For many of us with diabetes, prescription medications are already a fact of life—while some of you may be fighting to stay off them.
What you should know is that physical activity and food choices are pillars of diabetes management, to be sure. But medications provide another powerful tool for lowering your blood glucose.
There are many safe and effective meds available these days to help you keep your A1C in range (around 7.0% or less), thereby avoiding long-term complications of diabetes and extending your life span. And who doesn’t want that?
This tip series "Glucose-Lowering Medications" is all about the meds.
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Many people continue on the same medications for years on end, without ever thinking to re-evaluate their effectiveness. Bad idea!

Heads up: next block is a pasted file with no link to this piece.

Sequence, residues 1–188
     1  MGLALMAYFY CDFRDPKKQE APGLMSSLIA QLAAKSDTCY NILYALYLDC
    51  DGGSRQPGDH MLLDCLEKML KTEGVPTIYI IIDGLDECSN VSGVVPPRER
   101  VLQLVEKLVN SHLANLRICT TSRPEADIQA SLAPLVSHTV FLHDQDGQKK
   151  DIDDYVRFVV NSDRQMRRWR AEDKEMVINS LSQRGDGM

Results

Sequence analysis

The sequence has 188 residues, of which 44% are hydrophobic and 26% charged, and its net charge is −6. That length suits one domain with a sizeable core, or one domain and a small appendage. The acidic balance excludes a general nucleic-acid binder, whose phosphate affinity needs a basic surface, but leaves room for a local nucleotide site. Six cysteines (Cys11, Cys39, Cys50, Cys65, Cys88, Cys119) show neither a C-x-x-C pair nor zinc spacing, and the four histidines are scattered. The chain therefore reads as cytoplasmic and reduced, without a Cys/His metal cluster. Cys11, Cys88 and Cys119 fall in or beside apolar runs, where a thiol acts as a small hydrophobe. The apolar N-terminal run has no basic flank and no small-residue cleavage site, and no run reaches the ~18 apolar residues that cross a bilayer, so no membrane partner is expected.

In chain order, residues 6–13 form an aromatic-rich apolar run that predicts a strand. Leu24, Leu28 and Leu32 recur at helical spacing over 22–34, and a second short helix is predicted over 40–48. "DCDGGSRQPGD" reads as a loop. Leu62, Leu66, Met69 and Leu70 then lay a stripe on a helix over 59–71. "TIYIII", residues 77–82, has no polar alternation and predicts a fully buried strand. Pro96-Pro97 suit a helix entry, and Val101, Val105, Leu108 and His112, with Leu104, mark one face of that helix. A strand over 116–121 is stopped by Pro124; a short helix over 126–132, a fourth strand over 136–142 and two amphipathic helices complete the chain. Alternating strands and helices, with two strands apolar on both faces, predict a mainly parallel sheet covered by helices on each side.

If your A1C result is not good, it may well be related to a change in your underlying diabetes, rather than to anything you did “wrong”; it may simply be a clue that it’s time to update your diabetes medications.
It might be time to either increase the dose of a medication you’re already taking, or start a new medication that works in a different way, so that their effects will be additive.
If it’s been a year – or two or three, or longer – since you’ve made any change to your medication regimen, I highly recommend a visit with your doctor to discuss this. Come prepared with a list of all your current medications and their doses, so that you don’t need to waste time with preliminaries during your valuable doctor face-time.
Bonus Tip: Click here to read more do’s and don’ts for being a well-prepared patient.